So what do you do next? You go back and try and find out where you went wrong. Then you try again this time employing a different method. When this doesn’t work you go back and look at everything you have done so far.

Talk to successful people who have made it in this area. Think of what you might have left out and try again. Why do you need to do this? Because, “Every failure, every adversity and every heartache, carries with it the seed of an equivalent or a greater benefit”, says author and mentor to many great men, Napoleon Hill.

Failure contains the seed of victory and of success. Failure teaches you what works and what doesn’t. When you study the reasons for your failure and learn from it, you’ll find the key to your success. The great inventor Thomas Edison knew this truth more than anyone else. It took Edison 8000 trials to perfect the Edison battery? Afterwards he uttered this famous quote, “At least we know 8000 things that don’t work”.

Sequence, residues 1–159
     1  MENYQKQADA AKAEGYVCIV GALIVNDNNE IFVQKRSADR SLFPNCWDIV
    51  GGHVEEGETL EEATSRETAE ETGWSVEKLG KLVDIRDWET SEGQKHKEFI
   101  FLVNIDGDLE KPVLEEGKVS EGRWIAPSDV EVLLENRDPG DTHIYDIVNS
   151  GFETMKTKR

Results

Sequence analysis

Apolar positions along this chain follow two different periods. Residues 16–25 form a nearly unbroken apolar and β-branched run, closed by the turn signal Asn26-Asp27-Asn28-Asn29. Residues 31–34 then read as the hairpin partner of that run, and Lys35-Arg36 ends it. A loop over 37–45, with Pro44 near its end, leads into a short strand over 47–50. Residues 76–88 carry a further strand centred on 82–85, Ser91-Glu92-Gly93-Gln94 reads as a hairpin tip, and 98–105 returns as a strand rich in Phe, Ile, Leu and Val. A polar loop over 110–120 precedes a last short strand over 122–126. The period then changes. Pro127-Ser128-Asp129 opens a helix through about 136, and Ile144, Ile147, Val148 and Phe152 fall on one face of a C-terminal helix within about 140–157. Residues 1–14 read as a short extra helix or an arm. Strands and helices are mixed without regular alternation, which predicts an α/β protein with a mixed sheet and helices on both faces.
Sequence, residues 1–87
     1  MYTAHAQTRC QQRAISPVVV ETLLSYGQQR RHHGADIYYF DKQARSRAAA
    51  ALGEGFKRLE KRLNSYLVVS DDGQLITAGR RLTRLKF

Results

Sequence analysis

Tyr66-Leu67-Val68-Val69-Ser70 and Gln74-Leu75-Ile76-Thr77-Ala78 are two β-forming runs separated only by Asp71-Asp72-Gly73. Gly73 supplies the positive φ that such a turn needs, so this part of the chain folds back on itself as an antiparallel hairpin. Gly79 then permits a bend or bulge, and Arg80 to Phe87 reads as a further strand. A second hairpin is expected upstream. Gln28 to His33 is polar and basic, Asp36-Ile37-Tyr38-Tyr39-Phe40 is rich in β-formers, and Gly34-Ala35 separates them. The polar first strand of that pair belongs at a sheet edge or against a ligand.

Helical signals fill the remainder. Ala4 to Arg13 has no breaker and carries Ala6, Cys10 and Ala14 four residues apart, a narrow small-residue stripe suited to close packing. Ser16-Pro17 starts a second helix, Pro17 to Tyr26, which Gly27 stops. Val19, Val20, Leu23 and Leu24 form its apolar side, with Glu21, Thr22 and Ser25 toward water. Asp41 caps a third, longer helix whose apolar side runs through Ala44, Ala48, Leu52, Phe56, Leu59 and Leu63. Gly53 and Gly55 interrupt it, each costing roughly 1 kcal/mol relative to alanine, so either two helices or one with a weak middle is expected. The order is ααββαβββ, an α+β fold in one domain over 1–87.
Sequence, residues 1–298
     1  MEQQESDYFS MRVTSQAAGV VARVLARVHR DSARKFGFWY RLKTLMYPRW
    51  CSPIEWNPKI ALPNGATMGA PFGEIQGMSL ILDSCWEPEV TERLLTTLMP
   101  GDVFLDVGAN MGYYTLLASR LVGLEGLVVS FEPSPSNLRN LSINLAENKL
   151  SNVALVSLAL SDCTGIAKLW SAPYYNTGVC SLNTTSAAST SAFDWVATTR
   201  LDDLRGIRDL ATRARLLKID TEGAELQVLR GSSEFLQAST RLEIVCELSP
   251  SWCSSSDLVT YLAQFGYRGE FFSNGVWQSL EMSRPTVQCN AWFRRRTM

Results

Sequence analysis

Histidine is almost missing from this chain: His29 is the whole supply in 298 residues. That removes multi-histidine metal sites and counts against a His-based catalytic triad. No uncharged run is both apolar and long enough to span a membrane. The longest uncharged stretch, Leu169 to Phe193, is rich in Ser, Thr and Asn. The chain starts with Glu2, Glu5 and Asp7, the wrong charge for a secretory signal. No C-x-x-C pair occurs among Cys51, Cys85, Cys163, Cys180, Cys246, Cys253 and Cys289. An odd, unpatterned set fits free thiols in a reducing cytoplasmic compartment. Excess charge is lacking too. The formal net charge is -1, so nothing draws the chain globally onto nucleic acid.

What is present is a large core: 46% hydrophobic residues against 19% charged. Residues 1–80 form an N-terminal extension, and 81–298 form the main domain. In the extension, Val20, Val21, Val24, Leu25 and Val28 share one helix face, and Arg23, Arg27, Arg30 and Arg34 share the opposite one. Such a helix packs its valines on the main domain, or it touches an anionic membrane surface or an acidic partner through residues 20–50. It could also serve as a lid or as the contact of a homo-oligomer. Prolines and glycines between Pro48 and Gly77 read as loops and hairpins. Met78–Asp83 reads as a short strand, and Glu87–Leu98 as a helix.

Every successful person has had to overcome temporary defeat at one time or another. Know this! You haven’t really failed until you accept defeat. Do you envy those who got success easily? Don’t! Success earned in spite of earlier failure is so much sweeter than if you would get it otherwise. Those who earn success in this way know the road to success. They are not afraid of losing what they have because they have learned how to become successful.

Those that easily got success don’t know the road. They got there so quickly that they didn’t bother to look around. Let me use the following analogy to illustrate. Take two guys traveling to the same destination, with this difference. The one is going by airplane and the other by car, but the one arriving by car had a few breakdowns along the way.

If you take these two guys back to their original position and ask them to find their way to their destination, who do you think is going to remember the road better the next time? Surely the guy who had a few breakdowns and spend some time on the road, because he had the opportunity to look round.

Let temporary defeat no longer be an obstacle but an ally and you’ll be on your way. You have many hidden talents, so start working towards realizing your dreams. Don’t be put off by the fear of failure. Failure is an ally because it contains the seed of success. —-Written by Jimmy Roos

Until next time,